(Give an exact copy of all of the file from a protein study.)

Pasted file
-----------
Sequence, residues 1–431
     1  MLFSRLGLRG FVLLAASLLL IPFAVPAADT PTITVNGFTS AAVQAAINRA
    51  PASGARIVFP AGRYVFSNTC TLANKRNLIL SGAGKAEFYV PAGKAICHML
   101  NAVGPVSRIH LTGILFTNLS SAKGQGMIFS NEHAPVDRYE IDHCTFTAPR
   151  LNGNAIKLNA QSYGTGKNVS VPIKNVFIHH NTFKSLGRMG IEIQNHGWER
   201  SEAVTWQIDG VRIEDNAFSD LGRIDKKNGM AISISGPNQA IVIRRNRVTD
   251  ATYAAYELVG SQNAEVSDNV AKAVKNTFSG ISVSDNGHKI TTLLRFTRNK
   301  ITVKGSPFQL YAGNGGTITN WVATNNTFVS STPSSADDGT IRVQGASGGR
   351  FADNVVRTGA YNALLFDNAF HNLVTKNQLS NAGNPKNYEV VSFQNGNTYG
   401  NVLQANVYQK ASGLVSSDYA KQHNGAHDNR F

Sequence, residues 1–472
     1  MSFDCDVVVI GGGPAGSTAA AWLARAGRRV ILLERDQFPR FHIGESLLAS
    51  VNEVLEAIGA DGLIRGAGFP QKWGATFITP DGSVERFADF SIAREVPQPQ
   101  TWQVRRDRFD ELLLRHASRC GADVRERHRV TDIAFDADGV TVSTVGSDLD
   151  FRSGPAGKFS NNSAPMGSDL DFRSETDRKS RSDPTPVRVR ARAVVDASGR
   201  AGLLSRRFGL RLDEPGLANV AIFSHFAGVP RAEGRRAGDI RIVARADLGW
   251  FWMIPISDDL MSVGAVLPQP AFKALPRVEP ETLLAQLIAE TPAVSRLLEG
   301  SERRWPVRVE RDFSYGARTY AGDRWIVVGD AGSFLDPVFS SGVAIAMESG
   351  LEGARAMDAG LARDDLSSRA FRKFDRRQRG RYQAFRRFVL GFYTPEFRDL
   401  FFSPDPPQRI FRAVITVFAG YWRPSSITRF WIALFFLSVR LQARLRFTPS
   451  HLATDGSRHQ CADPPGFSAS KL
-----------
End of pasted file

Sequence, residues 1–431
     1  MLFSRLGLRG FVLLAASLLL IPFAVPAADT PTITVNGFTS AAVQAAINRA
    51  PASGARIVFP AGRYVFSNTC TLANKRNLIL SGAGKAEFYV PAGKAICHML
   101  NAVGPVSRIH LTGILFTNLS SAKGQGMIFS NEHAPVDRYE IDHCTFTAPR
   151  LNGNAIKLNA QSYGTGKNVS VPIKNVFIHH NTFKSLGRMG IEIQNHGWER
   201  SEAVTWQIDG VRIEDNAFSD LGRIDKKNGM AISISGPNQA IVIRRNRVTD
   251  ATYAAYELVG SQNAEVSDNV AKAVKNTFSG ISVSDNGHKI TTLLRFTRNK
   301  ITVKGSPFQL YAGNGGTITN WVATNNTFVS STPSSADDGT IRVQGASGGR
   351  FADNVVRTGA YNALLFDNAF HNLVTKNQLS NAGNPKNYEV VSFQNGNTYG
   401  NVLQANVYQK ASGLVSSDYA KQHNGAHDNR F

Sequence, residues 1–472
     1  MSFDCDVVVI GGGPAGSTAA AWLARAGRRV ILLERDQFPR FHIGESLLAS
    51  VNEVLEAIGA DGLIRGAGFP QKWGATFITP DGSVERFADF SIAREVPQPQ
   101  TWQVRRDRFD ELLLRHASRC GADVRERHRV TDIAFDADGV TVSTVGSDLD
   151  FRSGPAGKFS NNSAPMGSDL DFRSETDRKS RSDPTPVRVR ARAVVDASGR
   201  AGLLSRRFGL RLDEPGLANV AIFSHFAGVP RAEGRRAGDI RIVARADLGW
   251  FWMIPISDDL MSVGAVLPQP AFKALPRVEP ETLLAQLIAE TPAVSRLLEG
   301  SERRWPVRVE RDFSYGARTY AGDRWIVVGD AGSFLDPVFS SGVAIAMESG
   351  LEGARAMDAG LARDDLSSRA FRKFDRRQRG RYQAFRRFVL GFYTPEFRDL
   401  FFSPDPPQRI FRAVITVFAG YWRPSSITRF WIALFFLSVR LQARLRFTPS
   451  HLATDGSRHQ CADPPGFSAS KL